In brief: Polygamist leader’s case cites God’s rejection of judge
SAN ANGELO, Texas – Polygamist leader Warren Jeffs was unsuccessful Monday in a third attempt to remove the Texas judge overseeing his child sex assault case – this time based on the claim that God demands a change.
The head of the Fundamentalist Church of Jesus Christ of Latter Day Saints filed a motion purporting to quote God as saying state District Judge Barbara Walther should “step away from this abuse of power against a religious and pure faith in the Lord.”
Walther ruled the trial would continue under new Texas Supreme Court rules that went into effect Monday. The new standard no longer requires an immediate hearing to recuse a judge after evidence in a case has been heard. Walther said a hearing would be held later.
Jeffs is accused of sexually assaulting two underage girls he took as brides. His church is an offshoot of mainstream Mormonism that believes polygamy brings exaltation in Heaven, and followers see Jeffs as God’s earthly spokesman.
The 55-year-old fired his attorneys last week and has been representing himself.
ORLANDO, Fla. – Casey Anthony, whose whereabouts have been a secret since her dramatic murder acquittal last month, may have to report to a probation officer in central Florida this week under a judge’s order Monday in another case against her.
The Orlando judge who sentenced Anthony last year for fraudulent check writing signed a “corrected” version of Anthony’s probation order that made clear she was supposed to start the one-year term after her release from jail, not while she was detained waiting for her murder trial. Her attorneys are likely to challenge the revised order.
Circuit Judge Stan Strickland sentenced Anthony in January 2010 to probation for using checks that Anthony had stolen from a friend. The state Department of Corrections had interpreted Strickland’s sentence to mean that Anthony could serve the probation while she was in jail for her murder trial.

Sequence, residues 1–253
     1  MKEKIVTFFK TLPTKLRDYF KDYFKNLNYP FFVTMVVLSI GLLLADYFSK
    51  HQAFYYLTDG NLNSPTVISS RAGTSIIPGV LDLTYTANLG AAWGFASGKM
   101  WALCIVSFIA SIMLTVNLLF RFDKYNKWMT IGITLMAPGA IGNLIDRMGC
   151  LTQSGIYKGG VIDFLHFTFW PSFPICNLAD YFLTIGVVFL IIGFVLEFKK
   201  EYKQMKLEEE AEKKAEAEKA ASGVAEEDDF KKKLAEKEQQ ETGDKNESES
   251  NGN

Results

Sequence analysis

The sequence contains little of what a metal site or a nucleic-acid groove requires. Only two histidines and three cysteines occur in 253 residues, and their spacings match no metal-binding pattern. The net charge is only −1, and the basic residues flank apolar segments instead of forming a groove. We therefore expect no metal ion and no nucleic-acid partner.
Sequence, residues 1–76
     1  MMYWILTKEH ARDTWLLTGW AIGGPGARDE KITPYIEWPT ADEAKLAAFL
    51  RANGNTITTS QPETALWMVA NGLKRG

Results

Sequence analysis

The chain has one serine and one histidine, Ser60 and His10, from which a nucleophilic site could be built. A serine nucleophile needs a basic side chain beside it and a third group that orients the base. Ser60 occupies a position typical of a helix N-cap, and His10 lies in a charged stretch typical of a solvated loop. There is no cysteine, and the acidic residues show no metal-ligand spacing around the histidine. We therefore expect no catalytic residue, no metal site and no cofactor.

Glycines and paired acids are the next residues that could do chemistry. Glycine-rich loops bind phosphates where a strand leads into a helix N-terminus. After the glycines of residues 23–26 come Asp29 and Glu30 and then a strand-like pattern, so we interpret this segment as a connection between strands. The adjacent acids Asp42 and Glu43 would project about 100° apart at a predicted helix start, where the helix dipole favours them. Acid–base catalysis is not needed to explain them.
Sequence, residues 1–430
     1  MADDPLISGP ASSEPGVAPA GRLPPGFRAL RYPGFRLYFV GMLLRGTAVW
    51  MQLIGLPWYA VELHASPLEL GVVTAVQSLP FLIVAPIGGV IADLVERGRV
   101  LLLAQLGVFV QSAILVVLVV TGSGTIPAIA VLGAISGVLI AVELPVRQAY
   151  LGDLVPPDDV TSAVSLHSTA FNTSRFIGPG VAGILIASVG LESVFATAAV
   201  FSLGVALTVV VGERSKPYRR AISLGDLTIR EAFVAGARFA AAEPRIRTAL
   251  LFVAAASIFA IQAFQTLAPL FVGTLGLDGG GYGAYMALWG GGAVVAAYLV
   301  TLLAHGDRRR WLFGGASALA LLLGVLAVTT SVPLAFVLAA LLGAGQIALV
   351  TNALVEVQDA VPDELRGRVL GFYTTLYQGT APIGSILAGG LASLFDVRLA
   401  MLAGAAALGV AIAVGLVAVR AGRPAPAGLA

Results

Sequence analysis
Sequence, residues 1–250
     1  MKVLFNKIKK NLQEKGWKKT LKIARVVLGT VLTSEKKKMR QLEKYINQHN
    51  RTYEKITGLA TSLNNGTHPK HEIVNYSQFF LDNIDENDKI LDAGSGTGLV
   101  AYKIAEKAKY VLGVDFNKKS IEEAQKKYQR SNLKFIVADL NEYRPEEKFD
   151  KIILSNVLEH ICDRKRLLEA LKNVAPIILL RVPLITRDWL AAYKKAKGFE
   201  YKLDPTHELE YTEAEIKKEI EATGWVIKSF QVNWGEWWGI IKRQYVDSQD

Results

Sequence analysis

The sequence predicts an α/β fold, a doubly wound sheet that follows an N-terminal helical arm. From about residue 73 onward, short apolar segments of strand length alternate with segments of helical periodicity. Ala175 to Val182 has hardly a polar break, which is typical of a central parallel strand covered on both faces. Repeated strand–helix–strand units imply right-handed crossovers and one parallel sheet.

FAA shutdown continues as plan falters in Senate
WASHINGTON – Republicans late Monday blocked a bipartisan Senate plan to end the partial shutdown of the Federal Aviation Administration, making it increasingly likely Congress will be unable to resolve the legislative standoff before September.
Having resolved the federal debt crisis, Congress is expected to leave at the end of the week for its August recess. If that happens, lost revenue from uncollected airline ticket taxes could exceed $1.2 billion before lawmakers return to work a month later, senators said.
The Democratic-controlled Senate and the Republican-controlled House are at odds over proposals to cut rural air service subsidies and to change a federal labor rule to make it more difficult for airline workers to unionize. The FAA’s operating authority was allowed to expire at midnight on July 22.
The showdown began last month when the House passed a GOP bill to extend the FAA’s operating authority that cut air service subsidies by $16.5 million. Democrats said the House was trying to impose policies that hadn’t been negotiated with Senate and using the subsidies as leverage to force them to cut a deal on the labor issue. The labor provision is in a separate, long-term FAA funding bill.
Stopped drug submarine carried 7.5 tons of cocaine
MIAMI – Crew members aboard a U.S. Coast Guard vessel stopped a “self-propelled semi-submersible” on July 13 – the first interdiction of such a sub in the Caribbean – and detained its five crew members, who managed to sink the vessel with almost all of the 7.5 tons of cocaine loaded inside.
Coast Guard, FBI and Honduran Navy divers, using sonar equipment, searched for almost two weeks since the event and found the submarine last Tuesday. It was about 50 feet below the surface and 16 nautical miles offshore. It was the first U.S. underwater removal of drugs from such a sub.
The five sub crew members, who were allegedly transporting the cocaine from Colombia to Mexico, were stopped by the Coast Guard as they tried to escape in a life raft.